Day 4: Ocracoke to Beaufort

After breakfast on Ocracoke Island, photograph its lighthouse and wander about the village with its many shops centered around Silver Lake Harbor; here Blackbeard was killed back in 1718. Later you can take a car ferry from Ocracoke to Cedar Island, a 2 1/4-hour trip over Pamlico Sound. Many visitors secure the makings of a picnic lunch on Ocracoke, enjoying their food as they sail along.

Once you land, you can explore the Cedar Island National Wildlife Refuge, a feeding ground for migratory waterfowl. Cedar Island is linked to the mainland by Route 12. After seeing the refuge, continue southwest along 12, which becomes Route 70, taking you into Beaufort, North Carolina's third-oldest town (not to be confused with Beaufort, South Carolina).

Beaufort has a number of attractions, plus some good accommodations, so consider an overnight here. Chief among the attractions is the Beaufort Historic Site, with an old burial ground, an 1829 restored jail, a courthouse (ca. 1796), an apothecary shop, and restored homes from 1767 to 1825. As the afternoon fades, make your way to the North Carolina Maritime Museum, one of the best in the Carolinas.

Day 5: Morehead City to New Bern

Leave Beaufort in the morning and drive 3 miles west to Morehead City, a year-round resort town founded in 1857. Fishermen come here in pursuit of king mackerel and blue marlin.

Morehead City is the best base for exploring the Bogue Banks, a 28-mile barrier island lying off its coast. You can drive across a bridge spanning Bogue Sound to the little town of Atlantic Beach, where there is a boardwalk and swimming.

Go east on 58 a couple of miles until you reach the tip of Bogue Island and Fort Macon, a restored Civil War landmark. Then head west along Route 58 (the island's only road), stopping in at Pine Knoll Shores to see the vastly expanded North Carolina Aquarium.

At this point, you can make a decision. If time is running short, you can leave Bogue Island and follow the signs along the coast southwest to Wilmington. Otherwise, you can spend an extra day exploring the Croatan National Forest. This refuge covers 161,000 acres and is riddled with waterways and estuaries, the alligator's northernmost habitat. If you have that extra day, follow Route 58 back to the mainland but cut east on Route 24 heading back to Morehead City. This is a scenic drive along the southern tier of the park. At the junction with Route 70, head north through the eastern part of the park until you reach New Bern, where you can overnight. New Bern lies 50 miles inland from the coast we've just visited, but it's only 87 miles northeast of Wilmington.

Day 6: New Bern to Wilmington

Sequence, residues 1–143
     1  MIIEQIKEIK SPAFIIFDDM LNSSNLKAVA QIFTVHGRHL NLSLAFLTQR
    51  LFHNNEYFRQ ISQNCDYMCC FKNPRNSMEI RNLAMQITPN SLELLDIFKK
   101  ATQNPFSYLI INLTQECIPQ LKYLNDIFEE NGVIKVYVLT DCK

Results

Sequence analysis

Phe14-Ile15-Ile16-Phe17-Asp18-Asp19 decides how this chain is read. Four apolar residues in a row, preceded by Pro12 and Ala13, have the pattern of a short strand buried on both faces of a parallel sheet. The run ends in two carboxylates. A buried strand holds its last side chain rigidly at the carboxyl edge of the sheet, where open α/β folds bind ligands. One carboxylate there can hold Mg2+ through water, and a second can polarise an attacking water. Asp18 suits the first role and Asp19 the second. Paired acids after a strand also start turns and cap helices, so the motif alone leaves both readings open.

You can spend most of the morning exploring Tryon Palace Historic Sites & Gardens. Tryon Palace itself was once called "the most beautiful building in colonial America." You can also visit the John Wright Stanly House and the Dixon-Stevenson House. Take a final look at the Birthplace of Pepsi-Cola Store, unless you're a fan of Coca-Cola.

Leave New Bern on Route 17, which takes you along the western border of Croatan National Forest. At the junction with Route 58, continue south to the coast once again, cutting right on Route 24, which will take you into the historic waterfront town of Swansboro. We always like to spend an hour or two checking out its antiques shops and wandering the harborfront where shrimp boats pull in.

After a visit, continue due west to the town of Jacksonville, where you can visit the areas of the Camp Lejeune marine base that are not closed to the public.

For a seafood lunch in the area, leave Jacksonville and head south along Route 17 to the junction with Route 210, taking you to the old fishing village of Sneads Ferry, where you can find some of the best fish lunches along the coast. After a good "tuck-in," you can head north again to the junction with Route 17, following it southwest for 52 miles into Wilmington, the biggest city along the coast.

Day 7: Wilmington & Cape Fear

The best way to spend the morning in Wilmington is to sail the Henrietta III on a 45-minute narrated cruise that takes in the waterfront and traverses a 5-mile loop of the Cape Fear River. Back in town, you can visit the big attractions such as Airlie Gardens, the USS North Carolina Battleship Memorial, the Fort Fisher State Historic Site, and the Orton Plantation Gardens. Any time left over can be devoted to fun in the sands along Wrightsville Beach, 6 miles east of Wilmington.

At this point, you can end your tour or head down the coast to some of the major tourist meccas in the Southeast: Myrtle Beach, Charleston, Hilton Head, and Savannah.

Note: This information was accurate when it was published, but can change without notice. Please be sure to confirm all rates and details directly with the companies in question before planning your trip.